Google just officially announced the first Developer Preview release of Android P and it can be installed right now. However, the Android P Developer Preview can only be installed on a handful of devices so you’ll need the Pixel, Pixel XL, Pixel 2, or Pixel 2 XL if you want to try it out.

There are a number things you should be aware of before you proceed here. Google generally uses their Android Beta Program to let people test out unreleased version of Android. You can find more details about how to participate in this program here and it’s a much easier process as those updates are sent via OTA notifications.

However, due to the issues present in the Android P Developer Preview 1 build, Google has sais this update will not be eligible for that program.

So instead, we need to manually flash the Android P system images ourself. If you’ve ever downloaded factory images from Google and ran the flash-all.bat script to bring your device back to factory stock Android then you’ll feel right at home. For those who haven’t, you will need to have the bootloader unlocked before you proceed. I have guides on how to unlock the bootloader of the Pixel as well as a guide for how to unlock the bootloader for the Pixel 2.

With that done, you can follow the step by step guide detailed below. I also want to point out that uninstalling any Android P Developer Preview build before the beta process is complete will cause your phone to be wiped clean.

How to Install the Android P Developer Preview Update

  1. Download the Developer Preview 1 build for your specific device
  2. Extract the contents of that ZIP file
  3. Dive into the folder that was just extracted
  4. Copy or move those files into the same folder as your ADB and Fastboot tools
  5. Open up a Command Prompt or PowerShell in that same folder from Step 3
  6. Boot the Pixel or Pixel 2 into Fastboot Mode (Pixel & Pixel XLPixel 2 & Pixel 2 XL)
  7. Connect your Pixel 2 to the PC with a USB cable
  8. Type the following in the Command Prompt/Powershell. . .
  9. flash-all.bat
  10. . . .and press Enter on the keyboard
  11. Wait for the batch script to complete and your Pixel phone to automatically restart.

If you would like to watch a video about how this is done, then I will embed one right here. However, just know that what I’m installing in the video is not the Android P Developer Preview 1 build. Instead, it’s just me restoring back to stock Android. However, the process is the exact same (as you’ll see if you follow along). So just make sure you’ve downloaded the Android P Developer Preview 1 ZIP file from Google and you’ll be good to go.

Now, you should be aware that this is an early beta build of Android P and there are some bugs that are to be expected here. Google lays out these bugs here but I’ll go over them in a short bullet list right now. This release has various stability and performance issues on all devices that make it not suitable for daily use on phone or tablet, especially for non-developers.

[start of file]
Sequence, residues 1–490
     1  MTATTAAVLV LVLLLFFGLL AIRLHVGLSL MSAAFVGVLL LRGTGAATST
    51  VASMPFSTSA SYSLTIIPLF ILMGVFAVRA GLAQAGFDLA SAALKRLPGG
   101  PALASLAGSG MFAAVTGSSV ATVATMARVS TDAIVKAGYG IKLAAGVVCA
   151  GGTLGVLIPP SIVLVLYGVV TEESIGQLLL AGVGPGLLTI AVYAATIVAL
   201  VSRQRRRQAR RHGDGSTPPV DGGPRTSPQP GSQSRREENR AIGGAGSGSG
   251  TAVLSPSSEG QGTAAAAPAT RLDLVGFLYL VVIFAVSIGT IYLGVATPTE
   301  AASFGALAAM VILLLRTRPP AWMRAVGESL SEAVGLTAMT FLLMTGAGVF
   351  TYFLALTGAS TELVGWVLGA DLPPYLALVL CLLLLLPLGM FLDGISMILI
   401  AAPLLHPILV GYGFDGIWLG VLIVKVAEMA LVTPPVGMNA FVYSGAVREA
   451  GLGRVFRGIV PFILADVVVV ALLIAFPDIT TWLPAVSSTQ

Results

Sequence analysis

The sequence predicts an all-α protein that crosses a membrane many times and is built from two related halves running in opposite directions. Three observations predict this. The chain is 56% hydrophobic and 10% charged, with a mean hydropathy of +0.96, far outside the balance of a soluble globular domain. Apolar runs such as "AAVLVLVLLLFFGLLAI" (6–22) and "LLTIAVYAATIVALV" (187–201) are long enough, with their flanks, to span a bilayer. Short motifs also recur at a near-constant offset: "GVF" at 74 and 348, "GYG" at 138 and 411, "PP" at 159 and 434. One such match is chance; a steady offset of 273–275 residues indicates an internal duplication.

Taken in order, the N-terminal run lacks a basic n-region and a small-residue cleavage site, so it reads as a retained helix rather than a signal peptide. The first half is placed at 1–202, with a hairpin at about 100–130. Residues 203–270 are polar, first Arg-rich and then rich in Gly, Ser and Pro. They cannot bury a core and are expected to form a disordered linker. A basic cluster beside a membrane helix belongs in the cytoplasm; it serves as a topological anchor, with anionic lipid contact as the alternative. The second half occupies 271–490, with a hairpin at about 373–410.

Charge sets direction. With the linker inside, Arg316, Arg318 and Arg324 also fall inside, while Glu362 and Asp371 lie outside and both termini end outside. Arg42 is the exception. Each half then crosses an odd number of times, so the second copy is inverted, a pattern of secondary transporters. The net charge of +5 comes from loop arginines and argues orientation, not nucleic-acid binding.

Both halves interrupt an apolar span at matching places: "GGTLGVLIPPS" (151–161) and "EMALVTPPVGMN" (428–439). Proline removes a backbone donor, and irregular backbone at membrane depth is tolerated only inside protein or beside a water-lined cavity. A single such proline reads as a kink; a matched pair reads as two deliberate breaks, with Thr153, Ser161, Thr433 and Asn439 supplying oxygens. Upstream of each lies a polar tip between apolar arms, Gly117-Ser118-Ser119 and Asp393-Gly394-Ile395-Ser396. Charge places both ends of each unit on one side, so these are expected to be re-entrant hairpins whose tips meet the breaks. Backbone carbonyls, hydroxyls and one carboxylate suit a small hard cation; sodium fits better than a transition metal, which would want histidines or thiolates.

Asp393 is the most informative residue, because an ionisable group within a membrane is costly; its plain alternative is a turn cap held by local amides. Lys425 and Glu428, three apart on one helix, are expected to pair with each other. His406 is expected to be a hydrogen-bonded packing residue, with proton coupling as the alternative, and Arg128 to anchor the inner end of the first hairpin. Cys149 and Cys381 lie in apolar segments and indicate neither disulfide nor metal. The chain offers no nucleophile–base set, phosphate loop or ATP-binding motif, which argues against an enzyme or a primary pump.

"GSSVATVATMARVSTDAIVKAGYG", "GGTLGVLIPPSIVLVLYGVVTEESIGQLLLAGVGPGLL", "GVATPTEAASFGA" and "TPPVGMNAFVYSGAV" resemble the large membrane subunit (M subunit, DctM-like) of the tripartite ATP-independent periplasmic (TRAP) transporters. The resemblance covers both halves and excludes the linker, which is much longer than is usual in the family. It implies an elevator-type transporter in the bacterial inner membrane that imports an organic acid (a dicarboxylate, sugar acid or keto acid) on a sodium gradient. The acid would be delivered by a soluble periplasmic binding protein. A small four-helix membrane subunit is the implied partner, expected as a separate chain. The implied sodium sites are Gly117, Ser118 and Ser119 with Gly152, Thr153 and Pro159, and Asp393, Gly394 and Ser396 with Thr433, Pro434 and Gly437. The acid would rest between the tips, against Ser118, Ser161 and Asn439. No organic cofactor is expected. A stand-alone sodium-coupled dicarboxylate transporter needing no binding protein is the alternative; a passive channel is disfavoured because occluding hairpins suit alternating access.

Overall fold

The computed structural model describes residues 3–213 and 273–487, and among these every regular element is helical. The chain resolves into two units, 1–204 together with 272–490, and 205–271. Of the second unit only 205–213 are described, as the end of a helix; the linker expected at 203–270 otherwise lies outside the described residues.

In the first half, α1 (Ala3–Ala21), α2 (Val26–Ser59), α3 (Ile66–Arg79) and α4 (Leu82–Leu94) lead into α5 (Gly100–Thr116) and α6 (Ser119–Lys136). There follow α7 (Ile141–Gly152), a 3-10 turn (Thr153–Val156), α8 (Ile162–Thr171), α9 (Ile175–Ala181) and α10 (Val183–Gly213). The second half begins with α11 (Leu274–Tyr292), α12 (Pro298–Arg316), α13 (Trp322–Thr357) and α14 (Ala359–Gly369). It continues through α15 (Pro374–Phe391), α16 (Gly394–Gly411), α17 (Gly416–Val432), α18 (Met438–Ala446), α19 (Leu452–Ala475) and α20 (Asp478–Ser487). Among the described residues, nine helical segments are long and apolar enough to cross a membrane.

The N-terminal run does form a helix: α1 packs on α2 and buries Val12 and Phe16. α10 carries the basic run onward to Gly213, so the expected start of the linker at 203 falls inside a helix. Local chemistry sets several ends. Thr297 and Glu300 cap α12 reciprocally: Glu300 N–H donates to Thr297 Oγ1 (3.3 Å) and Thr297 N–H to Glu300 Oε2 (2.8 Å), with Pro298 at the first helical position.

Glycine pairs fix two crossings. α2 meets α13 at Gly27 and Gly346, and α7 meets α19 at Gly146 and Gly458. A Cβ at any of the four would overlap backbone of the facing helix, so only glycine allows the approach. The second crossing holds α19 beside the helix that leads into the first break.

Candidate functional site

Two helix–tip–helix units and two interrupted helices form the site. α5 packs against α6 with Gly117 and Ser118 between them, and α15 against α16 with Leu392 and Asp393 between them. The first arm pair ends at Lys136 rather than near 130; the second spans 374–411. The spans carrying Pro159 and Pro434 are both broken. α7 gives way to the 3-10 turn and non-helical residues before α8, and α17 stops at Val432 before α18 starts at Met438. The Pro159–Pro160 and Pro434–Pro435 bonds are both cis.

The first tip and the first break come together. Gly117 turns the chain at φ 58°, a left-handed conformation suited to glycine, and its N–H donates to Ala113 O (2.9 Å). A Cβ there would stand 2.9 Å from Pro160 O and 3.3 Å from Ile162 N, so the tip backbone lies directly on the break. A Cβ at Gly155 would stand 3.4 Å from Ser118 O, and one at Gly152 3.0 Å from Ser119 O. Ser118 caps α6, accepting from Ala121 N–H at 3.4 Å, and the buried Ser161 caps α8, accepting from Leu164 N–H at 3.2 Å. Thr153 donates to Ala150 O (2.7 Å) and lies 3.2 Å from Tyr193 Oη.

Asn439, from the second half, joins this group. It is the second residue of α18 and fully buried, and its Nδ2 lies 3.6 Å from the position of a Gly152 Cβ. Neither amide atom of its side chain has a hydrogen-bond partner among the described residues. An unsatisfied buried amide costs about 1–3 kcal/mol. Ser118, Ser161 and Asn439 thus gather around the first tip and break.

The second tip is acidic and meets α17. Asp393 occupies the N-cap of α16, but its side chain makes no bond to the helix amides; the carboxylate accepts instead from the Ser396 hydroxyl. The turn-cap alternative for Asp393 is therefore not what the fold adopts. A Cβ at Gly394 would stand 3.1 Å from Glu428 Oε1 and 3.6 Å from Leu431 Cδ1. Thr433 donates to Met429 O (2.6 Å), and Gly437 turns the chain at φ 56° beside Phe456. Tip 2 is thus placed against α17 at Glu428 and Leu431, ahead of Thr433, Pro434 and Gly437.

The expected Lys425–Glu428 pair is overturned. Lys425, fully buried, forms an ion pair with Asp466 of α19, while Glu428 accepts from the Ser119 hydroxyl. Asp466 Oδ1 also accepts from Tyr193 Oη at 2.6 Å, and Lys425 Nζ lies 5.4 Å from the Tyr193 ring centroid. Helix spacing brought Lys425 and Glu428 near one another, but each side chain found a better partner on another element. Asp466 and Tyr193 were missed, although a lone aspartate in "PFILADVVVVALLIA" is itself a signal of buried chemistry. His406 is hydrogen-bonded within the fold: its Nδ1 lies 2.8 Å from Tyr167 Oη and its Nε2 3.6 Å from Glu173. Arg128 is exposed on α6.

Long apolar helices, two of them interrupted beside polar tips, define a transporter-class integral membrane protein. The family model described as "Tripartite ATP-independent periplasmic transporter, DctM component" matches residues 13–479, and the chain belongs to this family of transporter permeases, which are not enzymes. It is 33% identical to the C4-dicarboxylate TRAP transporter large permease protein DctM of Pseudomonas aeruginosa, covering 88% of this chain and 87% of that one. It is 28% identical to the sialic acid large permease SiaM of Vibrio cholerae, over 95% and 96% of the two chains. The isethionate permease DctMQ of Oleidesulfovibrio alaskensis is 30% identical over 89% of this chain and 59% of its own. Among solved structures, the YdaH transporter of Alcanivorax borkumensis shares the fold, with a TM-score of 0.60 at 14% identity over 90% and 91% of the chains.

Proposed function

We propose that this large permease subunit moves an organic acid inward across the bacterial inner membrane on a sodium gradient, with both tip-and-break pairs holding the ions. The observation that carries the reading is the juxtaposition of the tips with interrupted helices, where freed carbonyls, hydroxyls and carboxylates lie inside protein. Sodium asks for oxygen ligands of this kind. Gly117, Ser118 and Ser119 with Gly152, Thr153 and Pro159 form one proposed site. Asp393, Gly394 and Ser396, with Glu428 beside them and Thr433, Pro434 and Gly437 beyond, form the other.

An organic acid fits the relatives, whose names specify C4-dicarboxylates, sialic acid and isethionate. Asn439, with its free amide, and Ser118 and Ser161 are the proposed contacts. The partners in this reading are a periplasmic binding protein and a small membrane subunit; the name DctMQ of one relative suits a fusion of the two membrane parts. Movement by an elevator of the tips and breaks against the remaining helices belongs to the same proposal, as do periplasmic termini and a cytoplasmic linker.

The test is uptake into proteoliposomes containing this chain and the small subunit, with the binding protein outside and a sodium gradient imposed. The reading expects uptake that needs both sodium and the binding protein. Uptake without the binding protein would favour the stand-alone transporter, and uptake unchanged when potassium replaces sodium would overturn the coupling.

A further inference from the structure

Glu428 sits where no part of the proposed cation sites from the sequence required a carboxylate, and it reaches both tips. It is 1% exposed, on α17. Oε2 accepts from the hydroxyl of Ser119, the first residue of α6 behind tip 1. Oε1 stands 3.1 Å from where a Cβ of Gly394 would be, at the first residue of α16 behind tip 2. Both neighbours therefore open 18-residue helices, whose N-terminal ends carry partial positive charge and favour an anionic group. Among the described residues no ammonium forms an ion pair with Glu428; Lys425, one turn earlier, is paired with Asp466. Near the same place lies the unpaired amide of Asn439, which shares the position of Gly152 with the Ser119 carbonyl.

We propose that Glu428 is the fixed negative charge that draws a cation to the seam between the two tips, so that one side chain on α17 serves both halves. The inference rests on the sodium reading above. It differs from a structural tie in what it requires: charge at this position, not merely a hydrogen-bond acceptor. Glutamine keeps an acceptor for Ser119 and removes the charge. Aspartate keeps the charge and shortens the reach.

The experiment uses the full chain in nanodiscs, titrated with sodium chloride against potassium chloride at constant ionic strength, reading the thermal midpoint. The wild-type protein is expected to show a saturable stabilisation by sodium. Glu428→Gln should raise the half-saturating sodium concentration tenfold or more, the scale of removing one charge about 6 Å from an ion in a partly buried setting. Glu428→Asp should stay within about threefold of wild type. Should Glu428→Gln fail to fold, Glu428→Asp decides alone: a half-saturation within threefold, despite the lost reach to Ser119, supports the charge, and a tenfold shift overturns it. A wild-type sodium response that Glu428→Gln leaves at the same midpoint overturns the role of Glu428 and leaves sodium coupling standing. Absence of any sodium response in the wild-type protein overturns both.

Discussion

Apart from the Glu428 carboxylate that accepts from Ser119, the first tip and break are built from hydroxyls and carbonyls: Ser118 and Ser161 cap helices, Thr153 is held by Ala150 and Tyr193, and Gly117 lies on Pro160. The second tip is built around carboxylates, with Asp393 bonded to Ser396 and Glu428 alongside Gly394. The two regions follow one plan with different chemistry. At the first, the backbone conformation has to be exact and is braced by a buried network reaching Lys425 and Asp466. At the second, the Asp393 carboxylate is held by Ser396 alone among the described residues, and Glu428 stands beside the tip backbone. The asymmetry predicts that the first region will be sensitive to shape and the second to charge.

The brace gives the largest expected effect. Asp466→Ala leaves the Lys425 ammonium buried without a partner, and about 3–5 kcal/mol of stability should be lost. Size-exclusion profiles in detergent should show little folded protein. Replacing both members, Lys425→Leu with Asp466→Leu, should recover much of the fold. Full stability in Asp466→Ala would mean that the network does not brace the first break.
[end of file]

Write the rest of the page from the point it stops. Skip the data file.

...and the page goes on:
Known Issues

  • System and app performance are known to be periodically slow and janky, and devices may become occasionally unresponsive. These problems may become more acute with prolonged use.
  • Battery life may be regressed in this early release for screen-on and screen-off use cases.
  • Some apps may not function normally on Developer Preview 1. This includes Google’s apps as well as other apps.
  •  This early build is not Compatibility Test Suite (CTS) approved.
  • System and app performance is known to be periodically slow and janky, and devices may become occasionally unresponsive. These problems may become more acute with prolonged use.
  • Battery life may be regressed in this early release for screen-on and screen-off use cases.
  • The Google Assistant doesn’t recognize the “Ok Google” hotword if it’s trained during setup. By retraining the Google Assistant after finishing the setup workflow, however, you can then use the hotword.
  • The Google Assistant doesn’t load any information for the “What’s on my screen” query.
  • The following issues occur after selecting a simulated device cutout (Settings > System > Developer options > Drawing > Simulate a display with a cutout):
    • Popup windows, those that have set the FLAG_LAYOUT_NO_LIMITS parameter, extend under the cutout.
    • In landscape mode, the status bar takes up too much vertical space near the top edge of the device.
    • In landscape mode, the system reports too high a value for the width of the window that an app can use to display its UI.
    • If a window overlaps with the area next to the cutout, but not with the cutout itself, DisplayCutout is set to null.
  • If the Google Assistant is launched after docking multiple apps in split-screen mode, pressing the Home button doesn’t display the complete home screen.
  • When recording a new pattern for unlocking the device, the system only shows the first few segments of the pattern.
  • When the Autofill UI is shown for an app and the app is killed, the UI might remain shown until the device is restarted.
  • When viewing the All Apps screen, the Wallpapers, Widgets, and Home Settings buttons each appear in white near the bottom of the screen.
  • Bluetooth crashes if a Host Controller Interface (HCI) command times out.
  • The Facebook app silently crashes each time the device restarts.
  • In the Duo and Skype apps, if you pair a device with a Bluetooth device, answer a call, then connect and disconnect a wired headset during the call, the audio will come from the device’s speakers, not the previously-paired Bluetooth device.


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